CHICAGO -- Tyler Colvin and DJ LeMahieu picked a satisfying time to be playing well.

The Rockies acquired Colvin and LeMahieu from the Cubs last December. Colvin entered Friday's opener at Wrigley Field hitting .294 with 14 home runs and 52 RBIs, while LeMahieu was at .281 with a homer and nine RBIs.

From Aug. 8 through Thursday's 1-0 victory over the Mets -- the Rockies' fifth in a row -- Colvin was hitting .396 with a home run, nine RBIs, a .442 on-base percentage and a .583 slugging percentage. Since becoming a starter on Aug. 8, LeMahieu has hit .374 in 14 games.

"You always want to come back and play against your old team, although it's more important as a team to keep rolling and get another series," LeMahieu said.

The trade hasn't worked out as well for the Cubs. Third baseman Ian Stewart was lost for the season in June with a left wrist injury, and righty relief pitcher Casey Weathers hasn't cracked the big league roster. A new Cubs front office that took over last season and did not have much history with either player made the deal.

"I see it as I'm over here now," Colvin said. "I enjoyed Chicago, but now I'm a Rockie and that's my focus."

Interestingly, the rosters of the teams are so similar that Colvin and LeMahieu most likely would have had opportunities to play had they stayed in the Windy City. The Cubs, who at 47-76 were one of the two National League teams with a worse record than the Rockies' 50-73 entering Friday, have eight rookies on their 25-man roster. LeMahieu was one of 10 Colorado rookies on the roster Friday, and Colvin is a third-year player.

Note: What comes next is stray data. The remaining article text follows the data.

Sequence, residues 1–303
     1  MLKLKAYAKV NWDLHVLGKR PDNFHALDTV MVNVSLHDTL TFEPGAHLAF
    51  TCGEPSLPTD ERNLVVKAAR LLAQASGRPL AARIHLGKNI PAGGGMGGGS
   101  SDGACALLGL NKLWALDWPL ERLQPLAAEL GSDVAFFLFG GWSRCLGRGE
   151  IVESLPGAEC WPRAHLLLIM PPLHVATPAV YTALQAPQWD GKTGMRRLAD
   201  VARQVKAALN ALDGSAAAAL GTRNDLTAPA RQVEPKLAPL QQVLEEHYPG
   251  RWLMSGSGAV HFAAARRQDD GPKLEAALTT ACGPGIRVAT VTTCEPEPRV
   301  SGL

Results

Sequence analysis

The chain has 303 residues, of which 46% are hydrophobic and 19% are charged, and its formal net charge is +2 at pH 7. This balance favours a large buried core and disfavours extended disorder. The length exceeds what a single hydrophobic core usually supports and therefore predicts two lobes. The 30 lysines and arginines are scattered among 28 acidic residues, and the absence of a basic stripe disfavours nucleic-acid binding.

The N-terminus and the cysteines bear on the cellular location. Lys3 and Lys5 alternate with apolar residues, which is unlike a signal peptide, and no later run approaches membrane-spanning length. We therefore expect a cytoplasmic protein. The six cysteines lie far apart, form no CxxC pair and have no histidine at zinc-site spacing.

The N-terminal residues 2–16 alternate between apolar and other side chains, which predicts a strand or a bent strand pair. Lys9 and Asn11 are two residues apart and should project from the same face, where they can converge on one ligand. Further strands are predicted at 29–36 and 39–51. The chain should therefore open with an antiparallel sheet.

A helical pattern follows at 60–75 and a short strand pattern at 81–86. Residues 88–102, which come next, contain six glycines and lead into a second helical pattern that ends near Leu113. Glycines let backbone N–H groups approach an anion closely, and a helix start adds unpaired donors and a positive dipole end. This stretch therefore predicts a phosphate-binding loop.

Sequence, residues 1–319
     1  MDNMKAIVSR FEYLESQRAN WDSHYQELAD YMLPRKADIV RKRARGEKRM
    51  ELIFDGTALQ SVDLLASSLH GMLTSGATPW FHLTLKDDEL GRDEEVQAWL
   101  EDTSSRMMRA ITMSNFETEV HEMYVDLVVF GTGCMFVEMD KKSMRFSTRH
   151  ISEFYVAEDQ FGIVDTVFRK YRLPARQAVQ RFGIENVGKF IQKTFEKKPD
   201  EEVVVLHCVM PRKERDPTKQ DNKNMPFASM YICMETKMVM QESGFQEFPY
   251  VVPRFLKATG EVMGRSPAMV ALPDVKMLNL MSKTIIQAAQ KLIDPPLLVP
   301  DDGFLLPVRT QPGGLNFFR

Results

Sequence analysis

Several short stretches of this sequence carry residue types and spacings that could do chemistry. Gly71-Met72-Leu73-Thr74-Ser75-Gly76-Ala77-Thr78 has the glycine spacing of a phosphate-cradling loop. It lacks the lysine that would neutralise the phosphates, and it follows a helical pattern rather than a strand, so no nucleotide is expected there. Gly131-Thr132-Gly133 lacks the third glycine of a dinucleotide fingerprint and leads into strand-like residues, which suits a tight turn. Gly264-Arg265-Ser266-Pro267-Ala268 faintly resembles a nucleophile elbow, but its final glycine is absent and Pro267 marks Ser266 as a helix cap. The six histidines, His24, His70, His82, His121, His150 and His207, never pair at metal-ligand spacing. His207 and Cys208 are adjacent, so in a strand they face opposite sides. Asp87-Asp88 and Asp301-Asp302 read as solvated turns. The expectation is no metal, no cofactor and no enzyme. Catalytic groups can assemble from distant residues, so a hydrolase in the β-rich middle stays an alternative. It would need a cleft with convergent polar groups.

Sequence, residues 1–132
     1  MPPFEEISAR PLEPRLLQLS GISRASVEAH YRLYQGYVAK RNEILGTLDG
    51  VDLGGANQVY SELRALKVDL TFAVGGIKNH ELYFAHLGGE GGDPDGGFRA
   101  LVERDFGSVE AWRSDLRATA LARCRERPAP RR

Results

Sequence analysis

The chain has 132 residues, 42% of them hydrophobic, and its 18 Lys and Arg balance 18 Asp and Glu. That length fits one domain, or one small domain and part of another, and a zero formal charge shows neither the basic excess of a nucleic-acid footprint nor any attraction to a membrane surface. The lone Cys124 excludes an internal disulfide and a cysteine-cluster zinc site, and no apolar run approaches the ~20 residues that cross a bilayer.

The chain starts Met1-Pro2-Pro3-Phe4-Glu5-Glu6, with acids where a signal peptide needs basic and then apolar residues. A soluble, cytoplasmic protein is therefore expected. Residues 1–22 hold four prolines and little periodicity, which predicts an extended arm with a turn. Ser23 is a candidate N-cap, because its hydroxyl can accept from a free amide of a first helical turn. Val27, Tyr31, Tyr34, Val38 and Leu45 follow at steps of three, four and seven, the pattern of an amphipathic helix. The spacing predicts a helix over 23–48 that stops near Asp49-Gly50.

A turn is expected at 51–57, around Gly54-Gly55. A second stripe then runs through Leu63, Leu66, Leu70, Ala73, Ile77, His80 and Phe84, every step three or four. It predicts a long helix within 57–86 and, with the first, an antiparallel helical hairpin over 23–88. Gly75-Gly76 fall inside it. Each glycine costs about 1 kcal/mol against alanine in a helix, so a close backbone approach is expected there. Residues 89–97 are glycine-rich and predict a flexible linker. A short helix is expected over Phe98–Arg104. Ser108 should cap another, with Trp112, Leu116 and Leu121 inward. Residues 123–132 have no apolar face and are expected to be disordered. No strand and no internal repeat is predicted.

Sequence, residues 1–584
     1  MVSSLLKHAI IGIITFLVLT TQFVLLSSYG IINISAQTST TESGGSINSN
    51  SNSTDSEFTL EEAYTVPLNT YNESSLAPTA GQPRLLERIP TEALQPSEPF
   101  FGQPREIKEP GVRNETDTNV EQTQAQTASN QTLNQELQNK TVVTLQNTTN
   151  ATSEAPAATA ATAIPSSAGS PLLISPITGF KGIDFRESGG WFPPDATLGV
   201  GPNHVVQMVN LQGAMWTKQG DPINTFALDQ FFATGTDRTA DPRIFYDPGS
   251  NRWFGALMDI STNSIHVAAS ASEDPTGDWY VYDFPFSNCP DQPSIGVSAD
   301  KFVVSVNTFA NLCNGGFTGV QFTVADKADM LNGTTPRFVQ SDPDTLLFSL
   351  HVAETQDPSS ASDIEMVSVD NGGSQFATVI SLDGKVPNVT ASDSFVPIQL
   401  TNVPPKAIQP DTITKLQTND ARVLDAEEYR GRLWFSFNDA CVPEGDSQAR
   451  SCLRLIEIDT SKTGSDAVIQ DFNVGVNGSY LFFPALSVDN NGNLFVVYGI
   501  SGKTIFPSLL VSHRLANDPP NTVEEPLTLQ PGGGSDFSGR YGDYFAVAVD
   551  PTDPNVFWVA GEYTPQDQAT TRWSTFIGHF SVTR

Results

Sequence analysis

The Rockies are proving a team can win with young players. The pitching, a trouble spot all year, has improved and helped Colorado win 12 of its past 17 games. Offensive execution also has been sharp. LeMahieu went just 2-for-12 in the sweep of the Mets, but his lone RBI in the series came when the Rockies called for a squeeze bunt and he put a difficult pitch into fair territory.

"Our pitching has allowed us to do a lot of things offensively, allowing us to be aggressive," said LeMahieu, who hit .250 in 37 games with the Cubs last season. "The last five games have been great. It's been a lot of fun, playing defense behind those guys."

Colvin's success is a testament to patience. After a promising rookie year with the Cubs in 2010 (.254, 20 homers, 56 RBIs), he dropped to .150 in 80 games and spent considerable time in Triple-A last year. The numbers made him expendable to new management.

But the lessons of last season proved valuable.

Colvin entered the season as the Rockies' fourth outfielder but played himself into regular opportunities, and he had a .305 batting average at the All-Star break. However, he slumped for nearly a month, batting .180 in the first 20 games out of the break. But various injuries -- such as the season-ending right hip injury to Todd Helton and the potentially season-ending oblique injury to right Michael Cuddyer -- gave Colvin more chances, and he has found his swing again.

"I talked to [hitting coach] Carney [Lansford], who just told me there are going to be times you don't see the ball as well," Colvin said. "He just said, 'You have to believe you can get out of it, not stress about it and keep plugging along.' I did enough worrying last year."